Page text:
Event Summary: The Crisis in Sudan

September 14, 2004

Former Ambassador Richard C. Holbrooke, Senator Jon S. Corzine (D-NJ), and Francis Deng of the Brookings-SAIS Project on Internal Displacement today described their recent visits to Darfur and detailed what is needed to end the ethnic conflict that has devastated the western region of Sudan.

“This is singularly, the most horrific situation that I have ever come in contact with,” Corzine said at a panel discussion at the Brookings Institution. Holbrooke, who served as U.S. ambassador to the United Nations from 1999 to 2001, called it “the most serious humanitarian emergency in the world today.”

Armed conflict in the region has left nearly 1.5 million people homeless, 50,000 dead, and hundreds of thousands susceptible to potentially life-threatening diseases. The humanitarian crisis has prompted Congress and Secretary of State Colin Powell to declare the situation a genocide. Although the U.N. Security Council in July gave the Sudanese government 30 days to protect Darfur’s citizens, only monitors have been deployed, and innocent civilians continue to be murdered, raped, and forcibly evicted from their homes.

The situation has evoked memories of the Rwandan genocide in the 1990s, when millions were killed while the international community stood idly by. The haunting lessons of Rwanda, the panelists said, should motivate the international community to act decisively and quickly.

The panel agreed that the African Union was best equipped to deal with the crisis. According to Deng, the corrupt Sudanese government, which supports the Muslim-dominated Janjaweed militias responsible for the ethnic bloodshed, cannot be trusted to fully and transparently confront the problem. In addition, any international effort to directly confront the Sudanese government could spark intense resistance and calls for a Holy War. An intervention by the African Union, by contrast, would keep the matter in African hands.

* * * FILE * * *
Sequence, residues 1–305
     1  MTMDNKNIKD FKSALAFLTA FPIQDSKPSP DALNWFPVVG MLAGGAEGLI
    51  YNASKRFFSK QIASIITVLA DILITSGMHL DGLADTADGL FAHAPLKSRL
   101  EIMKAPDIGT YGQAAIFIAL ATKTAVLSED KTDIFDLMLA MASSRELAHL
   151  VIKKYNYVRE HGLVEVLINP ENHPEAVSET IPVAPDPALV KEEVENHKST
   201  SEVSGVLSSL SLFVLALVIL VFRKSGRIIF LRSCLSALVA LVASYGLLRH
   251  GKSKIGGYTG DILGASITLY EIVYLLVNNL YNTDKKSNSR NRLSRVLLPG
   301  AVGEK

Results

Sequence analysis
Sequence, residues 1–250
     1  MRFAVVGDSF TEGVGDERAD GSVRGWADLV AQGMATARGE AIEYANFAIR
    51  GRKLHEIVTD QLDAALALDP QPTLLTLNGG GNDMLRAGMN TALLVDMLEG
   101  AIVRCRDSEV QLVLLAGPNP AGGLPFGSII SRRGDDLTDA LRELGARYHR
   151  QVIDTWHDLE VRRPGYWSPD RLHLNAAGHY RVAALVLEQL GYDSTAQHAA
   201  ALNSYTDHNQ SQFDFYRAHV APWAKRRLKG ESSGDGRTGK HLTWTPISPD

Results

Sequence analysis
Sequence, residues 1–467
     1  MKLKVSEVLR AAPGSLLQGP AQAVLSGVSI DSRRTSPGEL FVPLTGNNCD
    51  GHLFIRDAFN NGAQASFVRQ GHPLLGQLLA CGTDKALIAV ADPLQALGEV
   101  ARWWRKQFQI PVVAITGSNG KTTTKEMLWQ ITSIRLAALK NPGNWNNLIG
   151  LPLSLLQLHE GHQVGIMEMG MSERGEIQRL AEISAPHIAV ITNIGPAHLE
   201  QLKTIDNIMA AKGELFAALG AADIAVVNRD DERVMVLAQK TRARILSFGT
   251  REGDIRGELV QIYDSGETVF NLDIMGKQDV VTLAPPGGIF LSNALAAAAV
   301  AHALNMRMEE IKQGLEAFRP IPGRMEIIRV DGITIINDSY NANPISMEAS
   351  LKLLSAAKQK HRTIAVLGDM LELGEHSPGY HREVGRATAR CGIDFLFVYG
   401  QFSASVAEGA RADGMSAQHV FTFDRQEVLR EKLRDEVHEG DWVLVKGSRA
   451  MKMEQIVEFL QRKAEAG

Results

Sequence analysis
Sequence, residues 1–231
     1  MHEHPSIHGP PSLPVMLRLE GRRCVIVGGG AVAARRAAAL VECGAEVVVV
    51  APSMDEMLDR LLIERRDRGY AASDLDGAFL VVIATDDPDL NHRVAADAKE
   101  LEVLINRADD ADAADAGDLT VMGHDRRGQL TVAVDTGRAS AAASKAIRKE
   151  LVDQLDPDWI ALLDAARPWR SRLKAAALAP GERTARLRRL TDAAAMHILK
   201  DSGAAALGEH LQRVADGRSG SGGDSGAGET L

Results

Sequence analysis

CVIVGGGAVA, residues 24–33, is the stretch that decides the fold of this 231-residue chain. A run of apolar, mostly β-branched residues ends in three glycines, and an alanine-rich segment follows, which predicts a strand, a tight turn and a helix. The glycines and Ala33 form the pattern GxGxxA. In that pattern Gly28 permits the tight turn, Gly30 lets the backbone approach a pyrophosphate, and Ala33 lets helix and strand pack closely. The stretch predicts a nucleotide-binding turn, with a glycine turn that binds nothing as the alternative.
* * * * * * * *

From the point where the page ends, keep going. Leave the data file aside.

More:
“If the African Union were to fail, because the [Sudanese] government has not been cooperative,” Deng said, “and they came back to the United Nations to say ‘We’ve failed’, then the idea of international intervention would be more compelling, and the African Union would have virtually given legitimacy to the involvement of the international community.”

However, the panelists maintained that the international community still had a role to play by providing humanitarian aid, logistical support, and much-needed equipment such as planes, automobiles, helicopters, and communications gear.

“The situation in Darfur lays down a moral imperative that the U.S. and the global community take real action, not just spew a lot of words,” Corzine said. “It’s time to get off our tails and actually act.”

Although Holbrooke said that the “humanitarian spigot” had been opened, international efforts still have fallen far short. Holbrooke, an advisor to Democratic presidential candidate John Kerry, applauded Powell for visiting the region recently, but called the Bush administration’s pledge of $20 million in 2004 “insufficient.” Corzine agreed, saying that “the United States and international institutions ought to be providing financial and logistical support” to the African Union.

With the presidential election less than two months away, the crisis has potential political implications. But Holbrooke expressed hope that it not become part of the campaign.

“This is not a partisan issue,” Holbrooke said. “There is no political advantage in this issue. It is a bipartisan issue. Lives are at stake, and bipartisanship is the only appropriate response.”